Well, hello there! Big news – I am now a certified teacher! For the last year I’ve been doing a practical-pedagogical course at the Bergen Academy of Art and Design, called PPU (praktisk pedagogisk utdanning). This, alongside the bachelor degrees I already have, allows me to teach art in public schools grades 5-13. I can probably teach in private schools too, but private schools only make up for 5% of the student body here in Norway, so it’s not too pressing of a matter if it turns out I can’t.
Ok, anyways! Being a practical-pedagogical program, it was only fitting that we had a practical portion to our exam as well as an actual practicum (I did 7 weeks with a 11th grade art class). First we submitted a written theoretical paper, along with a devised classroom plan based on our thesis from the paper. I wrote about how the national achievement goals outlined for the art subjects for the class I had my practicum in favored learning hand-fast skills more than it did an aesthetic type of learning (oh, I will do it injustice trying to explain that briefly, but I mean the type of “intuitive”, bodily learning that usually involves some type of creating or expressing. Like – a group of kids putting on a play about trolls can encompass and express learning about social rules and what happens if you don’t follow them. For example).
The classroom project I outlined in my paper was pretty much the one I did during my practicum, which was to have the students work through a design process by being inspired by a painting, do some research and brainstorming around the artwork, sketch designs for a sweater, and finally make the sweater. I had a really good time doing this with the kids (well, teenagers), and they produced some nice and fun and cool interpretations of their artworks in sweater-form.
So the next part of the exam, which you see here, was to create something within our own field of expertise, that could be used in the classroom to visually aid the instruction. All the students in my class ended up using only three pretty basic sewing techniques, which were an elastic straight stitch (I insisted they only used jersey fabric), a twin needle hem, and finishing necklines, sleeves or the body with a folded band. So I made up three matching samples, which in real life in a classroom setting I would sew during a demo for the students, and then the samples would be there for them to look at afterwards as a reference.
And then the really fun part! For my exam presentation I then made three garments using only those three basic techniques (also limiting myself to only using knit fabrics, since that’s all my students were allowed to use), which works to illustrate how many different things you can do with having the basics down. The imagination is the limit! I tried to make three distinctly different garments stylistically, but also tried to use those basic techniques in different ways. I realized the day before the final presentation that the only way I had used the twin needle hemming, was to… hem. On each of them. No necklines, no sleeves finished with a twin needle! Oops. The goal was to spark imagination by showing really different ways to use the techniques. I did manage that for the folded band though!
First up the Sherlock Holmes meets Lisbeth Salander cape-thingy:
Draped right on my roommate, scuba-jersey for the neckline band, which is so wide that it turns into a collar. I had fun making this one! I think draping lends itself really well to letting the fabric dictate what happens, and less conventional solutions to basic shapes. This has a couple of deep pleats around the neckline to allow for the shoulders, and the separating zipper opens fully.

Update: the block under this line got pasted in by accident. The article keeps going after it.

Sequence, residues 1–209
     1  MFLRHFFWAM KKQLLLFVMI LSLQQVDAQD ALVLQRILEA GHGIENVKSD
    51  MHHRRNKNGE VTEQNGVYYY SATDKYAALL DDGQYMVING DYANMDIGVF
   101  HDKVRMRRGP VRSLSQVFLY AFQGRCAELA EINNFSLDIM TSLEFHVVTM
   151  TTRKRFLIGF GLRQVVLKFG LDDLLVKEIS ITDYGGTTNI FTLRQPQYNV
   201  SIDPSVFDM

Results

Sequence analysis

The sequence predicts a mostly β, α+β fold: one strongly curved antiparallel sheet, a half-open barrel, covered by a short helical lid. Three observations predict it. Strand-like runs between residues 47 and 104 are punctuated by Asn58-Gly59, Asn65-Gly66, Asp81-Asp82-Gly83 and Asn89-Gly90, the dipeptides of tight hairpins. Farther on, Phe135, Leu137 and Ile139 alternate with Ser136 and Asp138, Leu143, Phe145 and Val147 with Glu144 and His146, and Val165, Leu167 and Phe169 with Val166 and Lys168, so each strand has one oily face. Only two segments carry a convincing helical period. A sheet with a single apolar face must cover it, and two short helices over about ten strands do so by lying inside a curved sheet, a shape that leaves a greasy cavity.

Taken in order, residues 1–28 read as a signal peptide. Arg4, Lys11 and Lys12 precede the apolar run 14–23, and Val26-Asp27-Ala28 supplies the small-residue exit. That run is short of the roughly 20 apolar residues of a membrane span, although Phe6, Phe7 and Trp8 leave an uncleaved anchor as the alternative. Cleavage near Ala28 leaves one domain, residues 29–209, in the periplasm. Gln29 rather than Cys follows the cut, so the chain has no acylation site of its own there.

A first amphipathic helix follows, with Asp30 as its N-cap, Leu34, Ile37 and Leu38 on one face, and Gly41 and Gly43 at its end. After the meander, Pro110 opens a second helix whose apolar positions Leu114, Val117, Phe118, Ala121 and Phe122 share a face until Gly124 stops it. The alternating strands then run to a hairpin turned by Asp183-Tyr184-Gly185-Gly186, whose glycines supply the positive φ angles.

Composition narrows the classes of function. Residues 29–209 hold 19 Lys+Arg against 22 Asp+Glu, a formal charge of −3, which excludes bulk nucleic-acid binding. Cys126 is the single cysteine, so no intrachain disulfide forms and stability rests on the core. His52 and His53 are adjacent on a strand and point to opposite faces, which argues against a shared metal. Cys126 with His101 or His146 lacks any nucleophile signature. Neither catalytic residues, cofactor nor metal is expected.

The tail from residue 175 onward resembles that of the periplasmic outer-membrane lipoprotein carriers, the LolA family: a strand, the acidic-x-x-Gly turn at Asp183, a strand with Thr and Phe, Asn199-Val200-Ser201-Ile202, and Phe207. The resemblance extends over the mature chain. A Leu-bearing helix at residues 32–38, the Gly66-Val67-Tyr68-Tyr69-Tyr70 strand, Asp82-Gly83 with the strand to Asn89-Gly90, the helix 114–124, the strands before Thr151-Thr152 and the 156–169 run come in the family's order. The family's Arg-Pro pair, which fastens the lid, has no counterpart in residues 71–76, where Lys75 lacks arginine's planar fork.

This might actually look familiar to some! It’s a jersey version of my Ireland dress, which I made a few years ago. It was nice to work with a familiar pattern, and to remember the construction decisions from last time. The armholes are finished with a technique I familiar with from the Sewaholic blog. It’s a bias binding technique, but works pretty well with jersey as well! And, of course… look how lovely the neckline falls – the beauty of jersey! The high-low hem is totally a product of minimal yardage since this was a piece of fabric from the stash, and I had to cut out the back bodice from somewhere! I think it looks perfectly nice and a smidge more casual, combined with the jersey fabric.
And finally, what I think might be my favorite of the three – this tropical-floral-neoprene-like kimono. I had a different plan for a more structured garment, thinking that the neoprene would really hold its shape. My fabric store totally sells garment-weight neoprene, which is a lot more drapey than the real stuff. I didn’t have a lot of yardage, but enough to squeeze out this basic kimono shape. I took everything I learned making my own kimono-style robe, and just simplified it a little. The black edge bands are from a wonderfully squishy merino-wool, and I think the rest of the metre I got is destined to be a casual raglan sweatshirt or something similarly slouchy. I bet it will be so warm – the wool fabric feels very lofty, almost a sponge-like quality to it! Which also is working well with the spongy neoprene. I really love the contrast between the neon-colored floral print and the rich black. I have a wonderfully colorful and cheerful friend, and I thought of her all while making this – first chance I get I will hand it to her, and I think it will suit her really well!
As I post-script I guess I should add that I did really well on this exam. I am relieved, happy and immensely proud of having completed this last year of study – it has been challenging and demanding and educational (hah, yes) beyond all I had imagined when I started. The first week I so often thought “Oh, my god – I can’t do this! What have I gotten myself into?!”. I totally did this, and I am now beyond a doubt totally a teacher – in heart, mind and spirit!